US Bans Imports From Chinese Fishing Company Citing Seafarer Welfare
By David Lawder (Reuters) – U.S. Customs and Border Protection on Friday imposed a new import ban on seafood from a Chinese fishing fleet that the agency says is using...
By Erwin Seba HOUSTON, Oct 28 (Reuters) – Energy firms shut two-thirds of offshore U.S. Gulf of Mexico oil production, turned off undersea pipelines and evacuated workers as Hurricane Zeta raced toward a strike on the U.S. Gulf Coast.
Zeta intensified to a Category 2 hurricane on the Saffir-Simpson scale at midday on Wednesday. It was churning toward the coast at 20 miles (35 km) per hour, and was forecast to crash into Louisiana later in the day with maximum sustained winds of up to 100 miles per hour (155 kph), the U.S. National Hurricane Service said.
Energy producers had halted two-thirds of the offshore region’s oil production and 45% of its natural gas output. The shut-ins removed 1.23 million barrels of oil per day and 1.20 billion cubic feet of natural gas, data from the U.S. offshore energy regulator showed.
BP Plc, Chevron Corp, Royal Dutch Shell Plc and Murphy Oil Corp were among the major oil producers that had evacuated workers from 157 offshore facilities. Occidental Petroleum Corp, the third-largest offshore Gulf of Mexico producer, said it was implementing storm procedures.
Ports along the Mississippi River from Baton Rouge, Louisiana, to the Gulf of Mexico, and from Gulfport, Mississippi, east to Pensacola, Florida, were closed by the U.S. Coast Guard to vessel traffic.
Repeated storm shutdowns this year have been costly for oil and gas producers and processors. Some were pulling staff for at least the sixth time since June and having to exit under COVID-19 pandemic precautions.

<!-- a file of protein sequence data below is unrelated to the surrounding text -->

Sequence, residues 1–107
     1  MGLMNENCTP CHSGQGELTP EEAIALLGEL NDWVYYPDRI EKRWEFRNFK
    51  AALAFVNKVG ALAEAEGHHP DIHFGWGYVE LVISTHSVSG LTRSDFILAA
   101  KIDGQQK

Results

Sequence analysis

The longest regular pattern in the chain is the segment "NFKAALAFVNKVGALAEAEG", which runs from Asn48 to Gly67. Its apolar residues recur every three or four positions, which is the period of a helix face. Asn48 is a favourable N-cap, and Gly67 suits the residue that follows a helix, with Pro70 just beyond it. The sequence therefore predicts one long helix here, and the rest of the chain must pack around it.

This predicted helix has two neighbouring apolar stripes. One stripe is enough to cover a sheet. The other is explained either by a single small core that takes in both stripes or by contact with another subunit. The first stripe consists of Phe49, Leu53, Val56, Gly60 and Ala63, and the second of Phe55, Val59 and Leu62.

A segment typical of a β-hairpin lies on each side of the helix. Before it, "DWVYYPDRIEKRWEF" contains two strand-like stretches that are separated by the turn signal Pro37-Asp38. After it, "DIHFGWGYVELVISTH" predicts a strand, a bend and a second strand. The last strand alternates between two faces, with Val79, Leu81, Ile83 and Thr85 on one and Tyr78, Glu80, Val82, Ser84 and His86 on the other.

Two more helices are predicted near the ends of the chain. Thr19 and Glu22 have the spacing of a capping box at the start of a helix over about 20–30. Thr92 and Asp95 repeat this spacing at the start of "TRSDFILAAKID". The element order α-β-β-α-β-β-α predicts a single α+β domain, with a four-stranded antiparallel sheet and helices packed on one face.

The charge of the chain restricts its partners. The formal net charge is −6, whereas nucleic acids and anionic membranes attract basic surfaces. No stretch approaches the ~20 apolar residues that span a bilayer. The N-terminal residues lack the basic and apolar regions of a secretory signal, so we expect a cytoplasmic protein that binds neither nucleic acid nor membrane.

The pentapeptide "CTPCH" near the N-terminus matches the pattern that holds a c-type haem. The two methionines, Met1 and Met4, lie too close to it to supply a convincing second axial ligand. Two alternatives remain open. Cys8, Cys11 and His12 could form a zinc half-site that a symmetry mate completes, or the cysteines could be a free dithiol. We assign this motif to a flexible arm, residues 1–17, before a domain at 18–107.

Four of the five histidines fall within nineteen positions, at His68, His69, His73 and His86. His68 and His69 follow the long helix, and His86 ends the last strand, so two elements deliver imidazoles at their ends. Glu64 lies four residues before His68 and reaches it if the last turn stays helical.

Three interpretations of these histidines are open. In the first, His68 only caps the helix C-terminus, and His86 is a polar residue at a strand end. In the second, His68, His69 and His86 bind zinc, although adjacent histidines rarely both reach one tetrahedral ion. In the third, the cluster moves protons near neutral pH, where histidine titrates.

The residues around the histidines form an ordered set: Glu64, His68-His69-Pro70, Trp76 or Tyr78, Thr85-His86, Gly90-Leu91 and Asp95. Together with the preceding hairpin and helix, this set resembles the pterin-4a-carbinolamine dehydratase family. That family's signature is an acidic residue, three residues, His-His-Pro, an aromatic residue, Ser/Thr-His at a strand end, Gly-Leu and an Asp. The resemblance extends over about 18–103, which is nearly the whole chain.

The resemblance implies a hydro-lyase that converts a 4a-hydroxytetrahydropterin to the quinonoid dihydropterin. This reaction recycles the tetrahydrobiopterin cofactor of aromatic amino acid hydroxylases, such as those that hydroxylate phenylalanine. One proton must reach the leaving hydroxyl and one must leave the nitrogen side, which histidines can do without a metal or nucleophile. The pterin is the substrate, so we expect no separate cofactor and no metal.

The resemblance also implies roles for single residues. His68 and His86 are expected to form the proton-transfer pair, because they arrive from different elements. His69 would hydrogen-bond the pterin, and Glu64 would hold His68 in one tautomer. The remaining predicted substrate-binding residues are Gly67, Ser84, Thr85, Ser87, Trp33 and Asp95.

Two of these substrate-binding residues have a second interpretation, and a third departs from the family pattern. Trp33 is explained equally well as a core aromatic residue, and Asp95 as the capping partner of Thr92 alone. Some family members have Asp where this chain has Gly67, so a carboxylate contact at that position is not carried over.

Zeta is the 11th named storm of the year to make a U.S. landfall and will be the seventh named storm this year to affect energy producers along the Gulf Coast.
The millions of barrels of oil production lost from the storms have not boosted oil prices. U.S. oil futures were off 5% on Wednesday as energy demand has been crushed by the pandemic and crude oil supplies in storage risen.
Gulf Coast refiners that had not already halted operations, including PBF Energy’s Chalmette, Louisiana, were planning to run through the storm, people familiar with plant operations said. Chalmette is on the storm’s forecast track.
An onshore gas processing plant removed its workers on Tuesday, and two Louisiana oil-processing facilities have been idled since storms earlier this year. (Reporting by Erwin Seba; writing by Gary McWilliams Editing by Marguerita Choy)
(c) Copyright Thomson Reuters 2020.
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